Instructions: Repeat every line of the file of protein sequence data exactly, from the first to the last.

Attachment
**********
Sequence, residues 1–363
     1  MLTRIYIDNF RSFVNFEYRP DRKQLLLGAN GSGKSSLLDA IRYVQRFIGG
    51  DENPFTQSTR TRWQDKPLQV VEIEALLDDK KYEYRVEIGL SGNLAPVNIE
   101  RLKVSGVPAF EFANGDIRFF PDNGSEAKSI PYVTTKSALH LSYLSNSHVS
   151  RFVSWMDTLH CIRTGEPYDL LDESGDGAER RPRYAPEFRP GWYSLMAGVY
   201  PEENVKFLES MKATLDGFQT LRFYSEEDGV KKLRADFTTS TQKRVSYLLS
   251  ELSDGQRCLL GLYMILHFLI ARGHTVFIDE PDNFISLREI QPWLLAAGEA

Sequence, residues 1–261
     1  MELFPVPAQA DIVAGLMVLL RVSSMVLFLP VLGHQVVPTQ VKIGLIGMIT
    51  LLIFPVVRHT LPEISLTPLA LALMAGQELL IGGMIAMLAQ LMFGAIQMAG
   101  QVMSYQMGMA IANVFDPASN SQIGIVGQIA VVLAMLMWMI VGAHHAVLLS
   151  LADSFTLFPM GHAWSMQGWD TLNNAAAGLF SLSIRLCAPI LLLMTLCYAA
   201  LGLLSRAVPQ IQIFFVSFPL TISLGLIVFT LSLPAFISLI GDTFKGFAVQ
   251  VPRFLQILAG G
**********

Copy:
Sequence, residues 1–363
     1  MLTRIYIDNF RSFVNFEYRP DRKQLLLGAN GSGKSSLLDA IRYVQRFIGG
    51  DENPFTQSTR TRWQDKPLQV VEIEALLDDK KYEYRVEIGL SGNLAPVNIE
   101  RLKVSGVPAF EFANGDIRFF PDNGSEAKSI PYVTTKSALH LSYLSNSHVS
   151  RFVSWMDTLH CIRTGEPYDL LDESGDGAER RPRYAPEFRP GWYSLMAGVY
   201  PEENVKFLES MKATLDGFQT LRFYSEEDGV KKLRADFTTS TQKRVSYLLS
   251  ELSDGQRCLL GLYMILHFLI ARGHTVFIDE PDNFISLREI QPWLLAAGEA

Sequence, residues 1–261
     1  MELFPVPAQA DIVAGLMVLL RVSSMVLFLP VLGHQVVPTQ VKIGLIGMIT
    51  LLIFPVVRHT LPEISLTPLA LALMAGQELL IGGMIAMLAQ LMFGAIQMAG
   101  QVMSYQMGMA IANVFDPASN SQIGIVGQIA VVLAMLMWMI VGAHHAVLLS
   151  LADSFTLFPM GHAWSMQGWD TLNNAAAGLF SLSIRLCAPI LLLMTLCYAA
   201  LGLLSRAVPQ IQIFFVSFPL TISLGLIVFT LSLPAFISLI GDTFKGFAVQ
   251  VPRFLQILAG G